Monday, November 28, 2011
Sunday, November 27, 2011
In the not long ago I read The Sorceror's Ship by Hannes Bok (1914-64), a gift. I was previously familiar with Bok as an artist and illustrator, known for his fantastic and grotesque horror, science fiction, and fantasy drawings and paintings (here's one good selection of the many online: http://monsterbrains.blogspot.com/2011/08/hannes-bok.html) . Such images as his iconically expressive stippled illustration for a reprint of H.P. Lovecraft's story Pickman's Model come readily to mind when thinking of Bok. In fact, until quite recently I was unaware that "Hannes Bok" (which is a shortened, alternate spelling of "Johannes Bach") was merely the nom de plume for one Wayne Francis Woodard, a fact which can be rapidly gathered when looking up Bok on the internets. Anyhoo, Bok is worthy of attention for his writing as well as his art.
The foreword by Lin Carter contains some charming reminiscences of Bok, describing him holding forth in his apartment in New York City (although he sounds as if he might have been a bit irritating to have been around). Curiously Carter describes a plot element of the novel as involving "a demigod as a passenger and a weird magic jewel for cargo." The back of the edition I have (Ballantine Books: 1969 -- I guess the one and only edition) contains the following quote from John W. Campbell: "....with a demigod as a passenger, and an enchanted jewel as cargo!" A basic rule for plagiarists: Don't borrow from another author whose words are printed on the same volume as yours. I'm assuming Campbell wrote his description first. The fantasy was first published in Campbell's magazine Unknown in December, 1942, according to Wikipedia.
The Sorceror's Ship is a nice, ethereal story with a classic "cold open" with a disoriented main character trying to figure out where the hell he is and what is happening. Bok's prose has hints of Dunsany's and Clark Ashton Smith's (and others') styles. The necromantic horrors toward the end are particularly reminiscent of Klarkash-ton's work. No doubt the plot, involving, among other things, a conflict between two rival islands, Athens-like Nanich and Spartan Koph, has some echoes of the geopolitical situation of the early 1940s.
The copy of Ship I have has a lacuna, missing pages 147-178, and has a double printing of the last pages, 179-205. It's not impossible to deduce what happens in the absent section, though.
Hannes Bok name generator: "Wolfgang Amadaeus Mozart" = "Wolfam Moz"
"Johannes Brahms" = "Hannes Bram"
"Ludwig Van Beethoven" = "Wigvan Bat"
Cover art by Ray Cruz.
Posted by Jonathan at 11:31 PM
Sunday, November 20, 2011
Here are a couple of the Gargoyles which overlook the Notre Dame. It is a wonderful church. Leave Tuesday for a trip thru the battle fields and old Hindenburgs head quarters We sail for NY or America (?) 215.00 Thurs (?) 5/29 Best (no signature)
Addressed to Albert N Combs, RR1- Lake Road, Milwaukie, Oregon USA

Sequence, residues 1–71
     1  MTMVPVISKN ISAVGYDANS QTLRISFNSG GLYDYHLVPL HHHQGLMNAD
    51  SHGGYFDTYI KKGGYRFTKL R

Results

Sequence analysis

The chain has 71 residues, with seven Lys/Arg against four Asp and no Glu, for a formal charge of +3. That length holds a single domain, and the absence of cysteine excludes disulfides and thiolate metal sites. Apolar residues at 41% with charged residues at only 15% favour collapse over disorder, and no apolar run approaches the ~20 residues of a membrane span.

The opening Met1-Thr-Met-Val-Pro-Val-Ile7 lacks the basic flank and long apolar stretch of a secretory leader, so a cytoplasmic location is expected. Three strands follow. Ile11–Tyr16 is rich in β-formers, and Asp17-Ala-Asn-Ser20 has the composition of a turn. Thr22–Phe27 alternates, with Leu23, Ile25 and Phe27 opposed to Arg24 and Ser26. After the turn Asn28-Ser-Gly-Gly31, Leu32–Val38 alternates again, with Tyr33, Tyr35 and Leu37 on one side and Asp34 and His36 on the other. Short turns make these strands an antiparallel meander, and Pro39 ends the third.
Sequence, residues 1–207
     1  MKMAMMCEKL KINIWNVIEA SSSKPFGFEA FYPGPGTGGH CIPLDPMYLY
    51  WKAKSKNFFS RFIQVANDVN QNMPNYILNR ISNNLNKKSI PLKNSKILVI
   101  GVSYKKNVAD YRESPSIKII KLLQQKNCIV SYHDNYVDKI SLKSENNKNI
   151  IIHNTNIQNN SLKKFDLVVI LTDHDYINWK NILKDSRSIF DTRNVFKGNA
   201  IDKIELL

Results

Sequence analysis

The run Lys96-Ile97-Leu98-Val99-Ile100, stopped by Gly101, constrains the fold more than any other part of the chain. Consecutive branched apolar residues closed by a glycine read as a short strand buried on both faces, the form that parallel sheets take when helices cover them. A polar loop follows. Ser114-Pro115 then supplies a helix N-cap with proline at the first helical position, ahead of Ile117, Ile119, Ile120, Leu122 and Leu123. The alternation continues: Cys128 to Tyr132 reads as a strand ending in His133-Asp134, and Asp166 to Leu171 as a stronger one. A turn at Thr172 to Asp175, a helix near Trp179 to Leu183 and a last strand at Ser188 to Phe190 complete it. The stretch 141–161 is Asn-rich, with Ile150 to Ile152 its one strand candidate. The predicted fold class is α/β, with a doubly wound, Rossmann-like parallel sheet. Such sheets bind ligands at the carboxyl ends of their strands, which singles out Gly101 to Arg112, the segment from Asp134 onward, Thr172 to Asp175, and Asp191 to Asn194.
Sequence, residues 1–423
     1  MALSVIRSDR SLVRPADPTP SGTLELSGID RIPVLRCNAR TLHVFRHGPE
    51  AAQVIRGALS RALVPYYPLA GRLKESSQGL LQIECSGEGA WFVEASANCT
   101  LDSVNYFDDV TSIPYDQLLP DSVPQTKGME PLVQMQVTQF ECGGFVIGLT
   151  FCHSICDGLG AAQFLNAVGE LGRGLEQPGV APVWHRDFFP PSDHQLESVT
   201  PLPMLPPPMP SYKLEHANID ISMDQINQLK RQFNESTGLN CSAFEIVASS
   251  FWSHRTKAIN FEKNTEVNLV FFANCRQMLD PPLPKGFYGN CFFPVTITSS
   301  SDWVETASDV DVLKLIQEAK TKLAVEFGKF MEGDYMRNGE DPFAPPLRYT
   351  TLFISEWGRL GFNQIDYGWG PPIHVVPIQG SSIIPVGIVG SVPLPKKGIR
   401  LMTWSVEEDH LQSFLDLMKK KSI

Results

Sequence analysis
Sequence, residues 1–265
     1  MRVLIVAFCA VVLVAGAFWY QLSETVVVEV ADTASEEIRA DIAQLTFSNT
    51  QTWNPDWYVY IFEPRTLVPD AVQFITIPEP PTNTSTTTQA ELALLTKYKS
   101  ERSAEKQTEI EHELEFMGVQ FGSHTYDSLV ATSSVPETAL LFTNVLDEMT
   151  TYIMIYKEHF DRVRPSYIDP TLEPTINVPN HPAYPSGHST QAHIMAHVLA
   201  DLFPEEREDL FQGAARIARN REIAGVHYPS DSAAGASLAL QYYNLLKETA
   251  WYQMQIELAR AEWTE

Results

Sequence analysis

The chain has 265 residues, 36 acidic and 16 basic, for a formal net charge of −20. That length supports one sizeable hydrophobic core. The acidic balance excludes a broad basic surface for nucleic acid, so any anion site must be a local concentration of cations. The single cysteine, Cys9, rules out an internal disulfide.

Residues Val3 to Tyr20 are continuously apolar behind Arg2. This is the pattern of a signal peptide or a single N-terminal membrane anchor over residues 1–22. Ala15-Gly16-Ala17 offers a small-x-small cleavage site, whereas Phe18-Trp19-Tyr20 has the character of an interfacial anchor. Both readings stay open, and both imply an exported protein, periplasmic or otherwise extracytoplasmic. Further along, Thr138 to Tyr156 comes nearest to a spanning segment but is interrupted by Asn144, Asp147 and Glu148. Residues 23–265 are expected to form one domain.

The reference to the battlefields and old Hindenburg date the card to not too long after World War One, of course, although I can't quite make out what the year might be from the postmark or handwriting. 1925?
Posted by Jonathan at 10:09 AM
Saturday, November 19, 2011
Saturday, November 12, 2011
While in the past I was a devoted reader of various comics, with special interest in undergrounds and horror comics such as the 70s DC titles Weird War, House of Mystery, and Swamp Thing, I haven't been as attuned to more recent developments in the field. Of late (outside of following the work of one or two people I know who are active artists, comics and otherwise) my main reading has been of the standard one to eight panels or so newspaper comics. Stephan Pastis' Pearls before Swine is a standout, as is Darby Conley's Get Fuzzy. Conley has his own weirdly intelligent type of references, as when he recently had a strip which assumes knowledge of Goya.
In another, one of the talking animals who doesn't quite get it (Satchel the dog, I think) confuses Eugene Onegin with the phone book for Eugene, Oregon.
Dilbert is always reassuringly and wickedly cynical. And Charles Schulz remains the
Trudeau seems to be spinning his wheels to some extent with his seasoned strip Doonesbury. His serial tends to be reactive, responding to the events of the day. This can cause a slightly unsettling phase delay, due to the lag in publishing. Paul Sorvino croaking as Kissinger in Oliver Stone's Nixon: Ve are playing a totally reactive game here. The Iraqistan (actually, mostly Afghanistan now) stuff seems to strain a little too much to be relevant. The cartoonist appears to think that merely mentioning high tech stuff is making some sort of point in itself -- as if merely showing someone tweeting on a smartphone is good enough. Pastis, in contrast, if he references contemporary communications, has a reason for so doing, as when he self-deprecatingly presents himself being savaged by bloggers.